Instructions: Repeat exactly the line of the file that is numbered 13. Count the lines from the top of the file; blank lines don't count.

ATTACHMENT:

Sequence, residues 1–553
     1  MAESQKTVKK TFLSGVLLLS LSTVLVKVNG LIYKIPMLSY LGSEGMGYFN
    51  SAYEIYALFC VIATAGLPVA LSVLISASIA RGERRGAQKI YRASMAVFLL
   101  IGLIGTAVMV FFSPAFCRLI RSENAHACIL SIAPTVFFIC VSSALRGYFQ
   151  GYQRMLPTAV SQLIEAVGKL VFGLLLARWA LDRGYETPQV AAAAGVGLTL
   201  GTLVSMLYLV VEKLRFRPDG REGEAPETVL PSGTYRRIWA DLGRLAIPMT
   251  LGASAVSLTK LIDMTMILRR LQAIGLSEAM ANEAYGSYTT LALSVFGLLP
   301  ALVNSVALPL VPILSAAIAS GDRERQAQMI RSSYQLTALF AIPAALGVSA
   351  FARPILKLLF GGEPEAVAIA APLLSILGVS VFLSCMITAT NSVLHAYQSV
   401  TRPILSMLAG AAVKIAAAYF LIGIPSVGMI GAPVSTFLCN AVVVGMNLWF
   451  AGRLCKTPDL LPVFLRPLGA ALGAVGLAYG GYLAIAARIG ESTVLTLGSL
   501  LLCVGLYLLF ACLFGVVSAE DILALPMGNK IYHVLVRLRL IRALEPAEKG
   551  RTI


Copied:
   551  RTI